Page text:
Saturday, October 27, 2012

Polishing Plastic: Simichrome

Many people are familiar with Simichrome as a quality polish for plated metals, often for chrome plating. However, what not everyone knows is that it is also a very nice polish for plastic products and even for small pieces. This stuff is expensive, but worth it in my book. It is the most versatile polish I have encountered because it is just the right mixture of gentle and abrasive for finishing off pieces. Tough... but sensitive as they say.

After finishing up my hurricane prep at the shed, I decided to work on the Raleigh Dawn project a little bit. Among other things I did, I took the old Fairlytes reflector and polished it up using Simichrome and a paper towel. You will require an arm to do this as well, though I cannot tell you where to buy one of those.


Here is the item "before". It's pretty cruddy and faded, but not broken or heavily damaged. The reflector lens has some scratches but no breaks. I then set to work with Simichrome. I generally follow the directions, but instead of letting the polish paste haze up entirely, I actually start rubbing while it is still soft. I want to work gradually with a softer paste on plastic than on chrome plating. For chrome, I would follow the directions on the box and let it haze up. Because this is plastic, I suggest working it while it's still soft.


Here is the side of the piece after working. There are still some of the deeper scratches, but as you can see it's much better. Some of the fading has also been removed. If you wanted to go after those deeper scratches, or entirely remove the faded layer, you would have to keep working with the polish. However, you have to remember that you're removing material with each pass. The Dawn will be a "cleaned up" but not totally done over bike, so some minor wear like this is fine for me.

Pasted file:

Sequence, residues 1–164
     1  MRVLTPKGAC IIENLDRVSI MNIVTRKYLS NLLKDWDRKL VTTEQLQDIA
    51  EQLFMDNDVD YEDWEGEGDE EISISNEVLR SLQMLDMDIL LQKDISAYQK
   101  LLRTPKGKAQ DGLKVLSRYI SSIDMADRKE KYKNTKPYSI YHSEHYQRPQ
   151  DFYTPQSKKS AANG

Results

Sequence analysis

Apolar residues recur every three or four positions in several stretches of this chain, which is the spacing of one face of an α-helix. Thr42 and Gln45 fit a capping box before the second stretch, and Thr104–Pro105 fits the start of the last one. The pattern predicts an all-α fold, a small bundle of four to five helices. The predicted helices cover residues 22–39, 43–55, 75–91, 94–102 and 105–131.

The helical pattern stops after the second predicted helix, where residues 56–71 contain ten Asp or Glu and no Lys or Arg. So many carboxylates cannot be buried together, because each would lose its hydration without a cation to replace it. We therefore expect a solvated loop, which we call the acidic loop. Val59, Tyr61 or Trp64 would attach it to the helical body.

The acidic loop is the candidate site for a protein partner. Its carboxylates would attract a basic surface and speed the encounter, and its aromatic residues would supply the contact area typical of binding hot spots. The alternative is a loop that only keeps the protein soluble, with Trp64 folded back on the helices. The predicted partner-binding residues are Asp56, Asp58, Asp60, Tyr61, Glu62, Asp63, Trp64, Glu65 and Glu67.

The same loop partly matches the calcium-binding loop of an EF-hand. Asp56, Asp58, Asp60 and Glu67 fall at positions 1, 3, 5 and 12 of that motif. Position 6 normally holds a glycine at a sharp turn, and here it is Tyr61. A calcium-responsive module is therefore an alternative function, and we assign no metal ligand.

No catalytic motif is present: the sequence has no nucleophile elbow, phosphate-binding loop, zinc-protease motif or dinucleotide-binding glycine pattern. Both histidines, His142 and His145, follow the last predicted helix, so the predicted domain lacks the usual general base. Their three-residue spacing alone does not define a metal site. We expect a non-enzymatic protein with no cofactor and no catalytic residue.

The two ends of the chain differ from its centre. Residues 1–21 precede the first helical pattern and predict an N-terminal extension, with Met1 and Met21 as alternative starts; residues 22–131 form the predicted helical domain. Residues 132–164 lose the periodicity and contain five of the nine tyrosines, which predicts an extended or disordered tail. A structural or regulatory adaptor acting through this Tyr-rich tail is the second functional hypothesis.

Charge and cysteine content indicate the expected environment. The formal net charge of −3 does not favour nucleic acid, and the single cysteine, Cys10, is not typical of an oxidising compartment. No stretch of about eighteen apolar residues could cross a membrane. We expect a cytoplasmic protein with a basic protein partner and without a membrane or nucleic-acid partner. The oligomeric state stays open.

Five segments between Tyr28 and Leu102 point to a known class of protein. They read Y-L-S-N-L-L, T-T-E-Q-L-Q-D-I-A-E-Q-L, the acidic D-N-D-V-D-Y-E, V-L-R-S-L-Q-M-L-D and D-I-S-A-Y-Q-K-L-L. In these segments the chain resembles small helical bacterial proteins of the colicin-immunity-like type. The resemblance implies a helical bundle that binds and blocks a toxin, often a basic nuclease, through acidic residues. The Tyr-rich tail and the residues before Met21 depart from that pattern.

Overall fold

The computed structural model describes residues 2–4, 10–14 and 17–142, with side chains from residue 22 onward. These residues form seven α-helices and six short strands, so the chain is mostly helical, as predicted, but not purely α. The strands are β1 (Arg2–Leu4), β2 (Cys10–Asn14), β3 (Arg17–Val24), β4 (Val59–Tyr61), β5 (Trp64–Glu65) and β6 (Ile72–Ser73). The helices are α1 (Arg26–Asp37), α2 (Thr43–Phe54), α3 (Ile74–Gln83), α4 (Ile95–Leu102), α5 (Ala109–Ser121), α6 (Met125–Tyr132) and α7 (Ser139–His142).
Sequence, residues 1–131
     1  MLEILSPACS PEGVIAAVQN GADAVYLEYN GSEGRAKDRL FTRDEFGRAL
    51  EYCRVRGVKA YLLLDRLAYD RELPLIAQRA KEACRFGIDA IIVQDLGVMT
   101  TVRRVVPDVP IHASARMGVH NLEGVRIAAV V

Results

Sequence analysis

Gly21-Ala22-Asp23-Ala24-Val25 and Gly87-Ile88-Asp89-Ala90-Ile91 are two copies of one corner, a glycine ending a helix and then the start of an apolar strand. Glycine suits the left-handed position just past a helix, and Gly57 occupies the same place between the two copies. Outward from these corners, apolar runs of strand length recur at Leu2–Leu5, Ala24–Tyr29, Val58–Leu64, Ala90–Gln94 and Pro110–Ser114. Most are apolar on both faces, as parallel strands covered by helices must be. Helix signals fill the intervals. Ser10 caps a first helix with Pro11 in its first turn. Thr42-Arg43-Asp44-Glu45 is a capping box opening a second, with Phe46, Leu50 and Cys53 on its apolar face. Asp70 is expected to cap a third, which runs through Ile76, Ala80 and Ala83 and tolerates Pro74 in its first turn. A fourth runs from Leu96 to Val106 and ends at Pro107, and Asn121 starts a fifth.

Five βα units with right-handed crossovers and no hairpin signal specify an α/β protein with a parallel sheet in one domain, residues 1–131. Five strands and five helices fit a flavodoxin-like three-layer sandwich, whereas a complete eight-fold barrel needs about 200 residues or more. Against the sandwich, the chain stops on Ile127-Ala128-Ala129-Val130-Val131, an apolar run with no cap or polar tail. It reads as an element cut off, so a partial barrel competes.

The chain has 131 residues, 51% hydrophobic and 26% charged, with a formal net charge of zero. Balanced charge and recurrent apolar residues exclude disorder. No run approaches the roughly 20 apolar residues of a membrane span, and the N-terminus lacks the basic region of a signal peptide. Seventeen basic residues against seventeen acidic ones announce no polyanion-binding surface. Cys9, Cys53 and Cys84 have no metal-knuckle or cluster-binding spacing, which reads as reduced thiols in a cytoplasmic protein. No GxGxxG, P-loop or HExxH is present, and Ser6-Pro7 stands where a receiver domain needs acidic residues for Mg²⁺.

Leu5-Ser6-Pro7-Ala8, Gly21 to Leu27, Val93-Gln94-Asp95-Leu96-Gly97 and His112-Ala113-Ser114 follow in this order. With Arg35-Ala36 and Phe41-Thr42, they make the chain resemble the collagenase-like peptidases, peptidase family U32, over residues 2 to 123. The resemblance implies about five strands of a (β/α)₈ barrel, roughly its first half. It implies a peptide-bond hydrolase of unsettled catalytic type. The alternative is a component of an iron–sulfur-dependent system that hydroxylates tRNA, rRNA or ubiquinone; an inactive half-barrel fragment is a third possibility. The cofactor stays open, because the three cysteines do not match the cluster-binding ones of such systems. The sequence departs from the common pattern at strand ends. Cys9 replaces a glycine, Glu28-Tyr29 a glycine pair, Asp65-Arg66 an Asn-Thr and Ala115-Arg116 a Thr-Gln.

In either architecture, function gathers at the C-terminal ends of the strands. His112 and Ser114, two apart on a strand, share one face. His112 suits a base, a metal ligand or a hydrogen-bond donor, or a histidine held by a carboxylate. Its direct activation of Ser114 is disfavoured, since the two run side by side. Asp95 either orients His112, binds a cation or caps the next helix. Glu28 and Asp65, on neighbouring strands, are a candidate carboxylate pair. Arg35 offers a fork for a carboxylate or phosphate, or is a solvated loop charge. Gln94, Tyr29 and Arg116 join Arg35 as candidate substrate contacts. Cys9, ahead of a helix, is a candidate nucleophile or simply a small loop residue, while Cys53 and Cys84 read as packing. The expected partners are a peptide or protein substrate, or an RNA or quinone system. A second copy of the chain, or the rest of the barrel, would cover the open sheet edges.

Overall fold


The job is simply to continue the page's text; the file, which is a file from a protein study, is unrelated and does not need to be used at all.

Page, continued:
Here is the finished piece overall. As for the lens, I polish that too. I put on the Simichrome and again work it while soft. This time I am careful to take some pressure off and work in circles, lightly swirling around. The result is that the reflector cleans up pretty well, though a few scratches remain. Once again, that sort of condition will work fine with this 1965 Raleigh Dawn roadster, so I'm happy enough with the result. The hardware you happen to see with it will be cleaned using a Dremel brush rather than Oxalic acid because CAD plating and galvanized finishes are attacked by Oxalic. The Dremel brush will be the answer for those. I am getting to the point where I should start buying stock in Dremel's company, since I use so many brushes and attachments these days.

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